How our activity leads to climate change

When we extract and burn fossil fuels such as coal or petroleum, we cause the release of carbon dioxide (CO2) and other heat-trapping “greenhouse gases” into the atmosphere.

Though natural amounts of CO2 have varied from 180 to 300 parts per million (ppm), today’s CO2 levels are around 400 ppm. That’s 30% more than the highest natural levels over the past 800,000 years.

We also can tell that the additional CO2 in the atmosphere comes mainly from coal and oil because the chemical composition of the CO2 contains a unique fingerprint.

Losing forests makes it worse

When we clear forests, we also release large amounts of CO2. On top of that, plants and trees use CO2 to grow. Worldwide deforestation means we don’t have as many trees to absorb the extra CO2.
This means more CO2 stays in the atmosphere, trapping more heat.

So what do we do about it?

We can take simple steps to decrease climate contamination. Walk, if you can, rather than taking the car, or use public transportation if it’s available.

Limit use of air conditioning or electricity as much as possible.

Reduce use of water in drought-stricken areas. Your lawn will be fine if you don’t use the sprinklers for the summer.

And in drought-stricken areas, DO NOT use matches or build a campfire. If you smoke (subject of another day), don’t discard smoldering butts into dry grass. If you do throw away your butts, make sure they are complete extinguished.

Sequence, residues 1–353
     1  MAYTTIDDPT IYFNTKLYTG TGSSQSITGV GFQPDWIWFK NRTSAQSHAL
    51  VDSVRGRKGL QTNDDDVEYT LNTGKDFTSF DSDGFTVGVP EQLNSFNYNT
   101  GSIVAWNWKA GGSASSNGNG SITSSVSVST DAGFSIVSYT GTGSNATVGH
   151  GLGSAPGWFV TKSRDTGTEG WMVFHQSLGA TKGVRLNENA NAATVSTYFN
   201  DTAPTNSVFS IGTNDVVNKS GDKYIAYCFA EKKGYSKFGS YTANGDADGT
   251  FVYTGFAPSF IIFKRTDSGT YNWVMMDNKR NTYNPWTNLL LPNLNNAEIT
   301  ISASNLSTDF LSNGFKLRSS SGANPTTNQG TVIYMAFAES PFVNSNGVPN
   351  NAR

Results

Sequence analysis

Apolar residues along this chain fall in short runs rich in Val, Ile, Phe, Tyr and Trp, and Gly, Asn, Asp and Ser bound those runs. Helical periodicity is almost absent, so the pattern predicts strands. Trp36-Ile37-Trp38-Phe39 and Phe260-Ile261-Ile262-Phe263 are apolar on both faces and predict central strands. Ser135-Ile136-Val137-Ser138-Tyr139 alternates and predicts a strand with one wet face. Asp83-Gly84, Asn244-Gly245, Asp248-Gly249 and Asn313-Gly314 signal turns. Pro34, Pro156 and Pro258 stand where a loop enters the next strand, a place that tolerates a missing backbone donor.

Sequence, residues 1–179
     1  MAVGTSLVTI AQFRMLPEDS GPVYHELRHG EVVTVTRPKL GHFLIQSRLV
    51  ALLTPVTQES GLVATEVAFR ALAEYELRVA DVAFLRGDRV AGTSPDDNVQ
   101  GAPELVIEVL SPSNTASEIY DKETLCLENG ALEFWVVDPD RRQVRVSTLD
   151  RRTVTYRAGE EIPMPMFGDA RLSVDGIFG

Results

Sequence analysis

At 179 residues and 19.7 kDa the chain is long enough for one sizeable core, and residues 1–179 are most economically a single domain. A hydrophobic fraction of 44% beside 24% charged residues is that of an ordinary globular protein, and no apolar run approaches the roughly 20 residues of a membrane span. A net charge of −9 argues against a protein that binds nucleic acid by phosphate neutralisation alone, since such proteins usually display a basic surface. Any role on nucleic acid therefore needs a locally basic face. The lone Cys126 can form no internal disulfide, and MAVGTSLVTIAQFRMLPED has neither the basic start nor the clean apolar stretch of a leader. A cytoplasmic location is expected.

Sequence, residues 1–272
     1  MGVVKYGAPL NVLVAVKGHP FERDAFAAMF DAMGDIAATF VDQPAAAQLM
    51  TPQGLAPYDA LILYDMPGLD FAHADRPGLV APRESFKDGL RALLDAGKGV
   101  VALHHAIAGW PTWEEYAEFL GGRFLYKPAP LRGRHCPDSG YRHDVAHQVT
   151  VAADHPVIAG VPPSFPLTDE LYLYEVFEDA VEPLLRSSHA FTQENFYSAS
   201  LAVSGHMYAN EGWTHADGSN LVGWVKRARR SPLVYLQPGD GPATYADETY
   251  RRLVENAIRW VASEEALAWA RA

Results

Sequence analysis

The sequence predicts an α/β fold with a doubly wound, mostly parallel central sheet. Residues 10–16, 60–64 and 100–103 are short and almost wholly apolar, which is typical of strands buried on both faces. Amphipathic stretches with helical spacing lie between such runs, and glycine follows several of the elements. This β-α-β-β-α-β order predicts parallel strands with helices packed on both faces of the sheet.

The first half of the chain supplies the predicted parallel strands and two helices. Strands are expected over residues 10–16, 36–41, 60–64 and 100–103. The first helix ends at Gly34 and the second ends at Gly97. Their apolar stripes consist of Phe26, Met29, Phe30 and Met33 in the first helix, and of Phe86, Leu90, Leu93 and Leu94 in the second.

Everyone of us needs to become more aware that the climate changes will only worsen and endanger all of us if we don’t take action. Wildfires, floods and other natural disasters are a direct result of our disregard for our planet. Stop and think about it.


Myth Busting 7/30/14

Insidious Myth Prevents Peace in Gaza

by Erin Niemela

Erin Niemela

Erin Niemela

Media frame violent conflict to reinforce certain biases and myths, emphasizing some facts and omitting others to produce compelling narratives. Good guys and bad guys are crafted and re-crafted in media discourse, and this is especially the case with the protracted Israel-Palestine conflict. Unfortunately, many of these myths enter the public discourse, on both sides, to the detriment of peace.